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mlvanbie wrote:
I do like Pan's elegance. Through computer experiment Pan seems very balanced, but that isn't what many new players will tell you.
I don't know Pan, but this is an interesting observation. Is this a phenomenon that others have encountered too, maybe in other games?
 
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Ray R.
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christianF wrote:
mlvanbie wrote:
I do like Pan's elegance. Through computer experiment Pan seems very balanced, but that isn't what many new players will tell you.
I don't know Pan, but this is an interesting observation. Is this a phenomenon that others have encountered too, maybe in other games?

I think it was in the Imperial Settlers forum where someone said something along the lines of "You know a game is properly balanced when there's an 'Is X overpowered?' thread for every X"

Early on, people were complaining that the Barbarian faction was overpowered. Then, as people learned to counter that, they started complaining that some other faction was too powerful. Then ...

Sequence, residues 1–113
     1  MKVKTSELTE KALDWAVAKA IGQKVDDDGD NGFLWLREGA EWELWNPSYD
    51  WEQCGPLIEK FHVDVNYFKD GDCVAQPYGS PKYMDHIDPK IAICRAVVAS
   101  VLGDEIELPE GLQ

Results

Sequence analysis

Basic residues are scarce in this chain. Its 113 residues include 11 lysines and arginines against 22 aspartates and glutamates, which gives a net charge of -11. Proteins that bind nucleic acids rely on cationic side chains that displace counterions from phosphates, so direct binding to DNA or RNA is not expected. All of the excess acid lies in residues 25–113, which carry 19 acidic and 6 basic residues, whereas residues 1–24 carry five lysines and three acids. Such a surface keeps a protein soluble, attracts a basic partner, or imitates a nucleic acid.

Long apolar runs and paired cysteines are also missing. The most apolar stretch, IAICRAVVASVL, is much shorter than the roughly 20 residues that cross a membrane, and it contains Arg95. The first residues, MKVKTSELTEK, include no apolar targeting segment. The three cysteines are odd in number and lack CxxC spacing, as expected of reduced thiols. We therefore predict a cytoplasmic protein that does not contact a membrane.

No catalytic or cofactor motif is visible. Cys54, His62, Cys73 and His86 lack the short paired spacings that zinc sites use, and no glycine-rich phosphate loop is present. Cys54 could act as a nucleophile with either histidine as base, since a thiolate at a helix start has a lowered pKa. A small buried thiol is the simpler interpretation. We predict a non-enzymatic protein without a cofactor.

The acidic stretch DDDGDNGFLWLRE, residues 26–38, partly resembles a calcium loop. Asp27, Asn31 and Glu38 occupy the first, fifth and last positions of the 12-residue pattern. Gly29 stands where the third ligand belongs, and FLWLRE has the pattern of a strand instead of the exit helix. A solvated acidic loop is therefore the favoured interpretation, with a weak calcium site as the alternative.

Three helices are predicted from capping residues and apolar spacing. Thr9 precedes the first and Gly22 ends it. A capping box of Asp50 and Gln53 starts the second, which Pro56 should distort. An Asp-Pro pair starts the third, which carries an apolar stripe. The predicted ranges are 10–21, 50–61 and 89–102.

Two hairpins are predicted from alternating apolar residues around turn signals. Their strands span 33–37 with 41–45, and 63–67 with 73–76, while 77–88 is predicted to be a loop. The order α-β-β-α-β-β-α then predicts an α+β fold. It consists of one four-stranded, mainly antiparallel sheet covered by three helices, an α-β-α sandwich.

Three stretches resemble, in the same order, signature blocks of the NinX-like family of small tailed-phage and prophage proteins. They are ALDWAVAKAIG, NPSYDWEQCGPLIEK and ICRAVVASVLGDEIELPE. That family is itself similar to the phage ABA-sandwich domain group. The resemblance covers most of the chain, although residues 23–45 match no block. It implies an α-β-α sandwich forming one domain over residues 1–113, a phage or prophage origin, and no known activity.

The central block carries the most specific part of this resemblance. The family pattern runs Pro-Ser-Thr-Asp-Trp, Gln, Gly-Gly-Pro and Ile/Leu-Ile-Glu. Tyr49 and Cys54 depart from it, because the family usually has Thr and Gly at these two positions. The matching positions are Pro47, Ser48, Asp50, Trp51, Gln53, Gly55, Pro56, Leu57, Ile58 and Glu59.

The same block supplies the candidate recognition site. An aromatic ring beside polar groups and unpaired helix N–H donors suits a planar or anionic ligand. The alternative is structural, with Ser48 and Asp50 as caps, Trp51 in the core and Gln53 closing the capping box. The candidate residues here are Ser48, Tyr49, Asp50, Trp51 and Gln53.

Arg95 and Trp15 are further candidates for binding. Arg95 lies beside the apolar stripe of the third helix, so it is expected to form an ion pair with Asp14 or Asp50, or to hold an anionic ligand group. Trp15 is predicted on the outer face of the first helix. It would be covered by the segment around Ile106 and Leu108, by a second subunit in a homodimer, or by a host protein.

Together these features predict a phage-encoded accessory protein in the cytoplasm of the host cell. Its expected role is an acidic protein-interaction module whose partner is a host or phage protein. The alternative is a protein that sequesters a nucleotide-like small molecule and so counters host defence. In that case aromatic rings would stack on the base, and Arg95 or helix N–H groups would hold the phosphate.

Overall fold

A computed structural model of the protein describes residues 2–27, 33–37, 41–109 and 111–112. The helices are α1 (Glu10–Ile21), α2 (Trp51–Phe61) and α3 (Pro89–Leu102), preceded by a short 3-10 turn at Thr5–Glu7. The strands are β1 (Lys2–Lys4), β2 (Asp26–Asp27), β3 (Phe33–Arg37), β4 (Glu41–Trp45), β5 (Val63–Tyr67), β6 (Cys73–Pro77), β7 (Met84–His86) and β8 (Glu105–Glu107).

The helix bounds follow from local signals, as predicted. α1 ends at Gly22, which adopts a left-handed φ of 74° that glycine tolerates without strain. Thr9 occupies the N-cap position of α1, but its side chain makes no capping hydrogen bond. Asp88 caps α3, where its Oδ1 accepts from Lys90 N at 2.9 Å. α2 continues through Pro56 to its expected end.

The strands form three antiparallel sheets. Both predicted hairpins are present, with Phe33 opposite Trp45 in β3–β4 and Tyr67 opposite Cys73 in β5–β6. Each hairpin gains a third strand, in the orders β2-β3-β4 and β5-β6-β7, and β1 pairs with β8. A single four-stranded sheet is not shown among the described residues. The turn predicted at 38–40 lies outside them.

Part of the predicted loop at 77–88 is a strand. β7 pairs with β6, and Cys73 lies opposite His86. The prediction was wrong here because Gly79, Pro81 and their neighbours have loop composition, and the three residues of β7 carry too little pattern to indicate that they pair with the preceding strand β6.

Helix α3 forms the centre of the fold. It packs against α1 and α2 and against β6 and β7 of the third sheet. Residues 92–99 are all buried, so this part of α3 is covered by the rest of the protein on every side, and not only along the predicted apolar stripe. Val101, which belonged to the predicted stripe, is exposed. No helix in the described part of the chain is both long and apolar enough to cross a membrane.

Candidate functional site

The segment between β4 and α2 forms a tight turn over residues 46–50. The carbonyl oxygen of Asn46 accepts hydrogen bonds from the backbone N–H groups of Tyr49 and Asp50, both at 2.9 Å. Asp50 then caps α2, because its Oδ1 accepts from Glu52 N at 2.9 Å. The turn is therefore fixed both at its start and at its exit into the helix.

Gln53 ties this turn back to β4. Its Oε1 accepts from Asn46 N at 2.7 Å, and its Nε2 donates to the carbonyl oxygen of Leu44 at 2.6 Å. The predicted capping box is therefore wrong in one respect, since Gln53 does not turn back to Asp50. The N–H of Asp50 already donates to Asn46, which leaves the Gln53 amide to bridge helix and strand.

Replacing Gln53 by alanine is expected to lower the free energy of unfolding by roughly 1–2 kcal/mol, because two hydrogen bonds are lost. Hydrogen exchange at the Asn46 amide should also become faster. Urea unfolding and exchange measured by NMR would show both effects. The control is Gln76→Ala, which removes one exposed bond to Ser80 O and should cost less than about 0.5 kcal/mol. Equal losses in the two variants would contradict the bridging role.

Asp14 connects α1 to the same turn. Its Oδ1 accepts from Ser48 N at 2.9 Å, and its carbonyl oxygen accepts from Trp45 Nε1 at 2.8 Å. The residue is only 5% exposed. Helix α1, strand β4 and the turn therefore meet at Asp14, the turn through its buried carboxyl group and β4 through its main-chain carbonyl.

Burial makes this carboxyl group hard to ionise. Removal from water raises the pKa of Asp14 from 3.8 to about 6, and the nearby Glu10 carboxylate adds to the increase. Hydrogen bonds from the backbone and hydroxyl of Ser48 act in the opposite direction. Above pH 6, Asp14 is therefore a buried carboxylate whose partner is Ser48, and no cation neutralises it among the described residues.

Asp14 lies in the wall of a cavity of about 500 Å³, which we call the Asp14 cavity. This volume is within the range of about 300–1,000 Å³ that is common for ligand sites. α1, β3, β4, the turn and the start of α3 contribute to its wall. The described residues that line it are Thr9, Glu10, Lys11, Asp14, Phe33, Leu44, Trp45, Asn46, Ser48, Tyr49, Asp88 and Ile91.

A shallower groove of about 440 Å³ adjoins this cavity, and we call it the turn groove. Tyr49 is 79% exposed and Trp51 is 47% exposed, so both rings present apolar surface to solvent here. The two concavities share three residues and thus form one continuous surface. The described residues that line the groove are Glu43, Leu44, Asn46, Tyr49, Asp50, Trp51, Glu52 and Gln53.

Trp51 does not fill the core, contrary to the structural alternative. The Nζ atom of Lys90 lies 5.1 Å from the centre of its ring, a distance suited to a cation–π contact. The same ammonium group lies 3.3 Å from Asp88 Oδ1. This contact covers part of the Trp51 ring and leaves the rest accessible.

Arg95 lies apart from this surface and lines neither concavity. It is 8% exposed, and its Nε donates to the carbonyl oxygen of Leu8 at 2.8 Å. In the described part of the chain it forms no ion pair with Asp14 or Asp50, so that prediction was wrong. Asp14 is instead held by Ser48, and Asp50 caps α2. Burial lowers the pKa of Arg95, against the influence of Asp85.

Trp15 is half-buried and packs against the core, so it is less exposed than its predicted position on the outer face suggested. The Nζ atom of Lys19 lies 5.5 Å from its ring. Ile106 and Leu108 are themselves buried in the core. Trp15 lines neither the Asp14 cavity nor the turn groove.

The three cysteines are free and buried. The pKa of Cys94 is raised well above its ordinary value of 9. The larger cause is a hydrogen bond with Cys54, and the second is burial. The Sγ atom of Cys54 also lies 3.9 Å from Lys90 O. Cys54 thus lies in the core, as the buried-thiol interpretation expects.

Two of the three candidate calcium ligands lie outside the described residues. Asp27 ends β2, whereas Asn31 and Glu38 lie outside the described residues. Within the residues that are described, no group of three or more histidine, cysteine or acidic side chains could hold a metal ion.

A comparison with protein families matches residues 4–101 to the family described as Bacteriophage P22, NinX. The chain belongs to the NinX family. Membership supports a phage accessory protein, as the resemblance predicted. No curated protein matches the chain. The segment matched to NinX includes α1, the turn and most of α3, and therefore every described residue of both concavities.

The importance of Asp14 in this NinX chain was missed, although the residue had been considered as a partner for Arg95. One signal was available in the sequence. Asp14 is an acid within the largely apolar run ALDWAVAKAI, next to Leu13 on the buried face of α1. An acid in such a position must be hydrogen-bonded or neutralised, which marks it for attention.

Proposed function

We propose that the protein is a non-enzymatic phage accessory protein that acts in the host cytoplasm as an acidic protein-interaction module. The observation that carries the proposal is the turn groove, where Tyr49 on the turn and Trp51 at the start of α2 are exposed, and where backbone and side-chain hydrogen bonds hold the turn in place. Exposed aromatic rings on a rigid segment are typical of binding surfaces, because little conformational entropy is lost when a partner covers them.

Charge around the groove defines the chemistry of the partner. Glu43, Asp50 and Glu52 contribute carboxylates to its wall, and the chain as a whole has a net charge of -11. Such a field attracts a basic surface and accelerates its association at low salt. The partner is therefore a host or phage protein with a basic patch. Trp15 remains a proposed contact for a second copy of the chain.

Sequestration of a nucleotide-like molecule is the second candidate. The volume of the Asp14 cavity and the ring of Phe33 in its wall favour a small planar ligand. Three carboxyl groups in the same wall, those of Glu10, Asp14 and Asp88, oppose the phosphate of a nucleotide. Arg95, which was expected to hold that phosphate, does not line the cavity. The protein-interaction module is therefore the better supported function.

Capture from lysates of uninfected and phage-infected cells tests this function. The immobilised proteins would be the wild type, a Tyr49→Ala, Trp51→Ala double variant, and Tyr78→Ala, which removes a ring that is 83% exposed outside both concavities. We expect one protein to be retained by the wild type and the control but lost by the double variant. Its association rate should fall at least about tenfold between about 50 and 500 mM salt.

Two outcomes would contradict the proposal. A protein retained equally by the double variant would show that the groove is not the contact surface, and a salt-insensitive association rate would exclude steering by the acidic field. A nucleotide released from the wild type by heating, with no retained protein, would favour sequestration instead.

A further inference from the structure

Barbarian advantage
Egypt too powerful?
Aztecs faction: Overpowered?
Japanese faction - play balance vs the other decks?
Atlanteans too strong?

EDIT: I just noticed (thanks to Michael's response) that I misinterpreted the question.
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Michael Van Biesbrouck
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christianF wrote:
mlvanbie wrote:
I do like Pan's elegance. Through computer experiment Pan seems very balanced, but that isn't what many new players will tell you.
I don't know Pan, but this is an interesting observation. Is this a phenomenon that others have encountered too, maybe in other games?

I guess some context was lost as I replied to rayr without quoting. Pan is a power in Santorini. So Santorini(Pan, X) was balanced for most X, but players felt otherwise for most X. I can come up with a lot of cases where Santorini players (including myself) had the wrong intuition about powers or seemingly failed to notice how strong/weak some powers are.